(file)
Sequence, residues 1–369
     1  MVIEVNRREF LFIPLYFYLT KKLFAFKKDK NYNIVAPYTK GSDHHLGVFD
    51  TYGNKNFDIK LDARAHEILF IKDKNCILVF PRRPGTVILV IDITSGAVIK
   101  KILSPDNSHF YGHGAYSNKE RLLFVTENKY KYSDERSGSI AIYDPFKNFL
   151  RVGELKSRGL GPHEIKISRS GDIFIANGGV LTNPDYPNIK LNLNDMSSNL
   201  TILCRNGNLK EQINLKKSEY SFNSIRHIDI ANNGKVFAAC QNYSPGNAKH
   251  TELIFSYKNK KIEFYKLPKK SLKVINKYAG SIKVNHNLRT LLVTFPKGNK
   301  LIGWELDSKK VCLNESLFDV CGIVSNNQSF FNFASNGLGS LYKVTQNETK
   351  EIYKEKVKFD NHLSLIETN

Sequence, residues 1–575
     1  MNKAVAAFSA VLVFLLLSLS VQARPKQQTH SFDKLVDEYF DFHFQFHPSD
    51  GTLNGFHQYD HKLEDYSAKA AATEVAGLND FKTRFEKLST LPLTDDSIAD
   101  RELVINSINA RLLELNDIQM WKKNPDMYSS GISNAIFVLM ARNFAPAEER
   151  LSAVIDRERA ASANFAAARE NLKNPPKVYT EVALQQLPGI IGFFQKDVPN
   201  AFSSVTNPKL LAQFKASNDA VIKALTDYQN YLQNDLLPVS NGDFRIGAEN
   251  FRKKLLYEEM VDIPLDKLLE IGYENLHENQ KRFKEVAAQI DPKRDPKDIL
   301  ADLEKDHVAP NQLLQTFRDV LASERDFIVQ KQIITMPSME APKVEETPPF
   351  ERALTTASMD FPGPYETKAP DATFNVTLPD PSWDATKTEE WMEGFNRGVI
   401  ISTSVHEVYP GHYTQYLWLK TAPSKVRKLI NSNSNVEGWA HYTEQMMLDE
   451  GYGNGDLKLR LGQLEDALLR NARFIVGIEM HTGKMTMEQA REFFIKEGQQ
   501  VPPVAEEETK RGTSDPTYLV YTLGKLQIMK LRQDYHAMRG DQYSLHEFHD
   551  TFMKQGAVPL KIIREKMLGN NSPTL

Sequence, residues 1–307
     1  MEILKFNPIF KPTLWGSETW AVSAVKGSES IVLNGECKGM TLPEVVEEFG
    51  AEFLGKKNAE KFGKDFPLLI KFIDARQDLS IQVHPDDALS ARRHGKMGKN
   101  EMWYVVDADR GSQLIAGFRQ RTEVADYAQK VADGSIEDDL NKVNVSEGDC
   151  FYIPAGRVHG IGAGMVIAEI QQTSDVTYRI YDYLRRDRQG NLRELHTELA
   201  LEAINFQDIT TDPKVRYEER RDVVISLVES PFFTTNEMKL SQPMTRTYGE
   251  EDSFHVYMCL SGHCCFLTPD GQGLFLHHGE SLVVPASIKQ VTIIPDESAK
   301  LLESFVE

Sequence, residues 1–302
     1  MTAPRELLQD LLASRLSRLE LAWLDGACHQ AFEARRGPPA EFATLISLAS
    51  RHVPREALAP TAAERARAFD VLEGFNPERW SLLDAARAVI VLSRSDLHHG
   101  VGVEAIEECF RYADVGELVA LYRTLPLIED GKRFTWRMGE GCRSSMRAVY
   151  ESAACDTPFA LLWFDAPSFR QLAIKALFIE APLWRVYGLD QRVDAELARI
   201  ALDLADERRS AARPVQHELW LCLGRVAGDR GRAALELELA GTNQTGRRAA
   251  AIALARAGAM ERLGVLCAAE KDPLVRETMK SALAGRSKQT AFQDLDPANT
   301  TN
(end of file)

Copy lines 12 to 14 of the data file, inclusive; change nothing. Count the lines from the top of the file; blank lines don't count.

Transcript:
    51  GTLNGFHQYD HKLEDYSAKA AATEVAGLND FKTRFEKLST LPLTDDSIAD
   101  RELVINSINA RLLELNDIQM WKKNPDMYSS GISNAIFVLM ARNFAPAEER
   151  LSAVIDRERA ASANFAAARE NLKNPPKVYT EVALQQLPGI IGFFQKDVPN